Fleeing from the scene of a car accident may land your DNA in a local police database in addition to a felony charge. Or it may not. Or it may. The regulation of DNA collection practices varies widely between each state and is the subject of back-and-forth legal decisions, as evidenced by People v. Buza in California.
Written by: Greg Emmerich, Promega
The humble beginnings of DNA in the courtroom served primarily as confirmatory evidence linking a suspect to the scene of the crime after they were charged based on other evidence. Now detectives are increasingly turning to DNA databases as the first step in their investigations. California alone had 774 matches to the state’s database from cases in May of 2016, or about 25 matches per day. You may have nothing to hide, yet it has become our civic duty to understand how we should use DNA evidence both effectively and ethically in criminal investigations. Is it useful to drop charges for a nonviolent misdemeanor in exchange for a voluntary cheek swab, as being performed in Orange County, CA, or does that take DNA collection practices too far? Should people convicted of misdemeanors be required to give DNA samples? Here we present the current laws in each state and encourage your thoughts below.
In 2013, the Supreme Court of the United States ruled in Maryland v. King that it is constitutional for police officers to collect DNA samples for any person arrested on a felony charge (but not yet convicted), given that the officer had probable cause for the arrest. There are numerous important details about this decision. For one, DNA evidence is expunged automatically if there is no conviction. The practice specifically covers violent crimes and burglaries, and it does not allow for familial screening. This decision has laid the groundwork for People v. Buza and other future cases; however many states have DNA collection practices that go beyond felony arrests.
DNA collection practices by state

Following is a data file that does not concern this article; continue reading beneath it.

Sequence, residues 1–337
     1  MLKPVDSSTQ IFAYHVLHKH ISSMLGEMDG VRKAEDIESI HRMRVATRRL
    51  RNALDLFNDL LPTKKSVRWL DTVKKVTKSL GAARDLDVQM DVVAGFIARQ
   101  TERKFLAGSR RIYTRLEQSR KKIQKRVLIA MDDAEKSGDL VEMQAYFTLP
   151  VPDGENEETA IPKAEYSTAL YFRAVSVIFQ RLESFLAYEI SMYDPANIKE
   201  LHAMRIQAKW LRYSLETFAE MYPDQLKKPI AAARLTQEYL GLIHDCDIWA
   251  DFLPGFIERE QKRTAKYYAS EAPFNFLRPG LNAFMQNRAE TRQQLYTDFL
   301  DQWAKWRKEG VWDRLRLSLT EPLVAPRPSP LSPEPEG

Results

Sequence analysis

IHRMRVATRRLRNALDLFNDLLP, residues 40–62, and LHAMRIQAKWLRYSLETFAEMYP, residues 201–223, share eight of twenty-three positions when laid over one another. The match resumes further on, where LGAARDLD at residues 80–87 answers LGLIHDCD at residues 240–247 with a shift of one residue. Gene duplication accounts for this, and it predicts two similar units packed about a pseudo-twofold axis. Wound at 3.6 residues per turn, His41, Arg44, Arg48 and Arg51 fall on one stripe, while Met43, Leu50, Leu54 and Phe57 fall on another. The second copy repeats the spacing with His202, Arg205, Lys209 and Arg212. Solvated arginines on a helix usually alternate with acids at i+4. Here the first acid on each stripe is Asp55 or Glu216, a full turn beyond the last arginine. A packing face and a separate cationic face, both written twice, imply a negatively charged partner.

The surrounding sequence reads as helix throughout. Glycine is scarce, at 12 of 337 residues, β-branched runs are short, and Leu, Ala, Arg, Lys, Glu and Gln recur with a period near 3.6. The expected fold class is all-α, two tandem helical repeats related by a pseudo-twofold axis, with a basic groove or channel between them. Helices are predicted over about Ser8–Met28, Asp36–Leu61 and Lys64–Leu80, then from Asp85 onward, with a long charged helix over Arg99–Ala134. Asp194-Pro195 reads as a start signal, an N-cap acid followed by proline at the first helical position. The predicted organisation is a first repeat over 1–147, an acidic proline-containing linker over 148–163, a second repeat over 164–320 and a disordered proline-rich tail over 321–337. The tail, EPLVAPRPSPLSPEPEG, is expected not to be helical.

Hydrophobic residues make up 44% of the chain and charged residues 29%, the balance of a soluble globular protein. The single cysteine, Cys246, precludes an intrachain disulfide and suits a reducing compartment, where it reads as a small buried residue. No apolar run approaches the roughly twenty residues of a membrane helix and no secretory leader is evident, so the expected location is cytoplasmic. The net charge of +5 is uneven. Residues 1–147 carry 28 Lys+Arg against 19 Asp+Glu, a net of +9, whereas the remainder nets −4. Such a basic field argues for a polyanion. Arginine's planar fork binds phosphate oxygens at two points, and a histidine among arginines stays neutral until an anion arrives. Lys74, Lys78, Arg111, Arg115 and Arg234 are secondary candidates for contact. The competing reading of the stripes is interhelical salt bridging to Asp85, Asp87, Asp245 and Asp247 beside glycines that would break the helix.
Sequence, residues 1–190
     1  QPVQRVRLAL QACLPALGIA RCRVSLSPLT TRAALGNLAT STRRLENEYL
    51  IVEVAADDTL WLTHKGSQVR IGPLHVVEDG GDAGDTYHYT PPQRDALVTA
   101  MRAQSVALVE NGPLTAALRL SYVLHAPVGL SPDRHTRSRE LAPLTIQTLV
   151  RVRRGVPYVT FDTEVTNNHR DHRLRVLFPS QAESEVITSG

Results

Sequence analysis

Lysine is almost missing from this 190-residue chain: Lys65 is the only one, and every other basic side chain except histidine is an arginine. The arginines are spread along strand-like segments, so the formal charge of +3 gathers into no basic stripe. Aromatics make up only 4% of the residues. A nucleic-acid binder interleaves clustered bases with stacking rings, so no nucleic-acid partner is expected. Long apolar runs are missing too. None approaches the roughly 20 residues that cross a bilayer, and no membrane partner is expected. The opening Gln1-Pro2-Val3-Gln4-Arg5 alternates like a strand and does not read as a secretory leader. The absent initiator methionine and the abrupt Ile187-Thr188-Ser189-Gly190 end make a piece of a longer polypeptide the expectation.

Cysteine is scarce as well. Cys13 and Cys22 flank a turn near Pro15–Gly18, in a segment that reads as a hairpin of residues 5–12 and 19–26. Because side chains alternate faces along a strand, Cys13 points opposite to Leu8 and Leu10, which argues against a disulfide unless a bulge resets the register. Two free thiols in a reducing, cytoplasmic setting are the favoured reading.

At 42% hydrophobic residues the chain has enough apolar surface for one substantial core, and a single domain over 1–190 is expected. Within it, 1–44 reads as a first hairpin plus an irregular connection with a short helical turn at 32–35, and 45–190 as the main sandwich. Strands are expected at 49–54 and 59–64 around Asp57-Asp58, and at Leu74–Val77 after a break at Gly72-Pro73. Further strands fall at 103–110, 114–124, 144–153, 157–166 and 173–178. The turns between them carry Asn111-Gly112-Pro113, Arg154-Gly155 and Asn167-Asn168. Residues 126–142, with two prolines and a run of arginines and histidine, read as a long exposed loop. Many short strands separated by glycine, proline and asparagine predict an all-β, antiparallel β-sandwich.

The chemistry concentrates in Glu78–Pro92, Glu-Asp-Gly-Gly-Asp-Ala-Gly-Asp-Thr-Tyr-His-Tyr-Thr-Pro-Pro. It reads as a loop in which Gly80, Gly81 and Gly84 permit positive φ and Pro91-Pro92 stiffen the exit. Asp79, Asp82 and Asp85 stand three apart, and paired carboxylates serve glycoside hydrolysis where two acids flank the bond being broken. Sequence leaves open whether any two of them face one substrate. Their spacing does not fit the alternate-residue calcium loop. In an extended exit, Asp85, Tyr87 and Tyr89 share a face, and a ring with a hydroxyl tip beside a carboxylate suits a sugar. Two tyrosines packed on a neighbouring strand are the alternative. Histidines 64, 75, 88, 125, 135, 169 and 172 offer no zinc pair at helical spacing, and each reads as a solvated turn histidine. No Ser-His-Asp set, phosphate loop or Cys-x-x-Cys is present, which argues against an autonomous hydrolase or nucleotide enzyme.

All states have DNA collection practices in place upon conviction; however there are slight variations based on whether or not collection occurs for some misdemeanors and felonies. The National Conference of State Legislatures (NCSL) has the details in this map. What generally receives the most attention from critics is DNA collection upon arrest. Currently 30 states have laws for various crime levels, as you can see below.
Note: Oklahoma only collects DNA upon arrest for individuals unlawfully present under federal immigration law. Source: NCSL with a more thorough state-by-state breakdown here.
The Maryland v. King case establishes that probable cause is needed for DNA collection upon arrest for violent crimes; however only 13 states require probable cause before sample collection or analysis. When an individual is found not guilty, their DNA data can be expunged from police databases. This is an automatic process for 13 states, while 16 states require an individual to submit a request for expungement.
Future implications of DNA testing
Increased demand for DNA collection is not going away, and this demand will only increase the already significant backlog of tests that forensic crime labs already face. These labs are under considerable pressure: from the public that wants to see backlogs eliminated and cases closed, to defendant attorneys who question lab accuracy at every turn, to the state legislature that questions expenditures. Since each state will need to figure out how to budget for an increased demand of DNA testing, it doesn’t seem like a national consensus on when and how DNA samples should be acquired will be achieved any time soon.
Forensic scientists have many issues to confront. The International Symposium on Human Identification brings the leaders in this field together every year and is happening this September in Minneapolis, MN. I will be attending, and I look forward to hearing from people up to their elbows in casework, so feel free to say hi! Conversations like this one about challenges with DNA testing are important for many reasons; scientists also must have the foresight to minimize unintended consequences from their efforts—be they the ozone-depleting nature of refrigerator coolants like CFCs or the means to access our most private information through our genetic code.
Greg Emmerich is a science writer at Promega striving to combine creativity with science. He lives off adrenaline rushes from skiing and discovering new music. He received his B.S. Microbiology and M.S. Biotechnology degrees from UW Madison.
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